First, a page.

Jerry Reed – Unbelievable Guitar/Nashville Underground (review)

Jerry Reed – The Unbelievable Guitar & Voice of Jerry Reed / Nashville Underground (Real Gone Music / Sony Music Entertainment) review

The first two albums from the man that later starred in Smokey & the Bandit.

For all of Jerry Reed’s accomplishments – singer, songwriter, actor – his guitar playing sometimes get forgotten.  Yet, Chet Atkins, who many think is the greatest of all-time, said once that Reed was even better than him.  The Unbelievable Guitar & Voice of Jerry Reed / Nashville Underground collects Reed’s first two solo albums for the first time on CD.

His debut featured several of his most-famous compositions, including the semi-autobiographical “Guitar Man,” which became a hit for Elvis Presley (with Reed on guitar on that version as well), and “US Male,” (another Presley hit).  But, his record company (RCA), was in a quandary of what to do with this promising artist’s career.  The album jumps between the smart-ass talking songs like “Woman Shy,”  to the more middle of the road, balladeer style, which was far more common in the country music of the day (songs like “If It Comes to That,” and “You’re Young”). The problem is, the two styles really don’t mix, making for an uneven listen.  In fact, they sound like two completely different singers.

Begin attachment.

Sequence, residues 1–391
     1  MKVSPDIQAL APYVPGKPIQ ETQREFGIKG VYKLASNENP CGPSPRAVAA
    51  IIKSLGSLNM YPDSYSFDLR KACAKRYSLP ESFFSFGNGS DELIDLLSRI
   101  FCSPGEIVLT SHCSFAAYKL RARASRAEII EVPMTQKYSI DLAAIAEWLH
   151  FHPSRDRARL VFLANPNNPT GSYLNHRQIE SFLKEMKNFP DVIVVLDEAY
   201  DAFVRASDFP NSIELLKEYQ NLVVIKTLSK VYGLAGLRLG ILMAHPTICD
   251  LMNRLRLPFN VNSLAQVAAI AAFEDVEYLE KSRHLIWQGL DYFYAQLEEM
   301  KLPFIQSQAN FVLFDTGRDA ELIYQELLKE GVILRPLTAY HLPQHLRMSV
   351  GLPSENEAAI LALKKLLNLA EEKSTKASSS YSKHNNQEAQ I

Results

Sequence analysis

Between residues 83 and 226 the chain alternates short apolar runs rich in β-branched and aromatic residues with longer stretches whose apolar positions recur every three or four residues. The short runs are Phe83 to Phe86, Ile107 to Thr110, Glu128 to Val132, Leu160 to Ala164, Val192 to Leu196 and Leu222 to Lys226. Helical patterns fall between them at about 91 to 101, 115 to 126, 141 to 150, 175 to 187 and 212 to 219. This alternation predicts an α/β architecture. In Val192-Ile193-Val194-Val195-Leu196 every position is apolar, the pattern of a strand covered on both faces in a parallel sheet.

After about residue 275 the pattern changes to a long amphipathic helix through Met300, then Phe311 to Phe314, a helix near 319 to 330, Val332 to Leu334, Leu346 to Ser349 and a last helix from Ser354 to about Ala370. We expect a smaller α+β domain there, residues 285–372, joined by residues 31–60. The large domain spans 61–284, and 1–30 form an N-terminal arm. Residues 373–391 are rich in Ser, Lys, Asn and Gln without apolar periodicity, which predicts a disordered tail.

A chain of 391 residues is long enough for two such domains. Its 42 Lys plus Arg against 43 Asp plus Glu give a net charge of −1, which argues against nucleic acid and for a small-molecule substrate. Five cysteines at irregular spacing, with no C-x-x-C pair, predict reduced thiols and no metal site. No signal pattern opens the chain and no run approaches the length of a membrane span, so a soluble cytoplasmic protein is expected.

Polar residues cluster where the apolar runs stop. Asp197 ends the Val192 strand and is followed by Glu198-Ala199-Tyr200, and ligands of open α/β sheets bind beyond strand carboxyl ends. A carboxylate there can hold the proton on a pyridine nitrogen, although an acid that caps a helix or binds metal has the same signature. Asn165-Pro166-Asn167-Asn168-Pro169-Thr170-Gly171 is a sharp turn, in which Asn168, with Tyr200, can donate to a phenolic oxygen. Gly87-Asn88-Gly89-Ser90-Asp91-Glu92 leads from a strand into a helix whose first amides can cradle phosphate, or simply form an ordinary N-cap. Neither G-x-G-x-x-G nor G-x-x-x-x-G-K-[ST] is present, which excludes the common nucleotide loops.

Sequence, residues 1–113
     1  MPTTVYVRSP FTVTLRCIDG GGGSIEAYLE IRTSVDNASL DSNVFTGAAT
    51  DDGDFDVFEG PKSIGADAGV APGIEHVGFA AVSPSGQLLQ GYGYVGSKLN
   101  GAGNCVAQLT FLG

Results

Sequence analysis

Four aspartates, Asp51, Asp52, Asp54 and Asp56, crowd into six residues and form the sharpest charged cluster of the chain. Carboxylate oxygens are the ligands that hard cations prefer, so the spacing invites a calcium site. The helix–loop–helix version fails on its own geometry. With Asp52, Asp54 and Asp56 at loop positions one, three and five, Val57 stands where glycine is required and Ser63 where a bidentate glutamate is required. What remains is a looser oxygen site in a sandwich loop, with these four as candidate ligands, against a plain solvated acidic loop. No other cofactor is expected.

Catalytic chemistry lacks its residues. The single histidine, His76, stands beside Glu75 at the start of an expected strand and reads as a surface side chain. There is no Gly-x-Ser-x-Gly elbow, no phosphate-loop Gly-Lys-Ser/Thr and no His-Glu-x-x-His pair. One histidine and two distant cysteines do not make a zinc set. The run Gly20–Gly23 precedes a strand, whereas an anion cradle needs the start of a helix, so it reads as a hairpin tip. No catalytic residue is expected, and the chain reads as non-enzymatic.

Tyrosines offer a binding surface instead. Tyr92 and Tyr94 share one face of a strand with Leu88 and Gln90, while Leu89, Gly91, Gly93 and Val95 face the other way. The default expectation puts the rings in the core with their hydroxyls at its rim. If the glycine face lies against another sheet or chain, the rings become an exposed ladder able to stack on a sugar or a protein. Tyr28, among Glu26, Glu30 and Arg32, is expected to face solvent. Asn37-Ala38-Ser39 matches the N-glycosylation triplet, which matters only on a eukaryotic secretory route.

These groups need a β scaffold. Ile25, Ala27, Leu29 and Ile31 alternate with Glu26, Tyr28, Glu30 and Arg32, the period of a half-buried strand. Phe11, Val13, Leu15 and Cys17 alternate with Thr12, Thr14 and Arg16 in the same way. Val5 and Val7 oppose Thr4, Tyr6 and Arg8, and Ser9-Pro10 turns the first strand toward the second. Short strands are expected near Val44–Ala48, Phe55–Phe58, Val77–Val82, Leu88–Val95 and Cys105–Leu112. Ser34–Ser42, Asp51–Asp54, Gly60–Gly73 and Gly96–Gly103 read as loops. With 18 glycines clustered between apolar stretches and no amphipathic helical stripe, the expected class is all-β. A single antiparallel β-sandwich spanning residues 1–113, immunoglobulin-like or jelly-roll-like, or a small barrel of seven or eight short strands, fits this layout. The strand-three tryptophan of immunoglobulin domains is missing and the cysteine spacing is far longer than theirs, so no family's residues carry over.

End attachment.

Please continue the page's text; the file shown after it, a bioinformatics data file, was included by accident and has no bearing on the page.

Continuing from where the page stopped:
When it’s good, it’s really good, as in “Take a Walk,” where he threatens to “make some changes in your face” to the guy who won’t leave his woman alone.  Problem is, you’d wish there was more “unbelievable guitar” and less “voice” on many of these tracks.

RCA realized that trying to market these two vastly different styles was a mistake.  Unfortunately, they chose the wrong style.  Nashville Underground is all ballads with almost no “unbelievable guitar.” While tracks like “Remembering” and the bluesy “Almost Crazy” aren’t particularly bad, they’re just not Reed’s strong point.  “Tupelo Mississippi Flash” is a blatant rewrite of “Guitar Man,” and his Ray Charles cover “Hallelujah I Love Her So” is okay. The final track, “John Henry,” allows Reed to finally whip out his guitar and wail.

Of course, Reed would go on to bigger and better things.  And, his patented, smart-ass delivery, which is what he was good at, returned as well.  This collection does show off an underrated talent’s beginnings.  –Tony Peters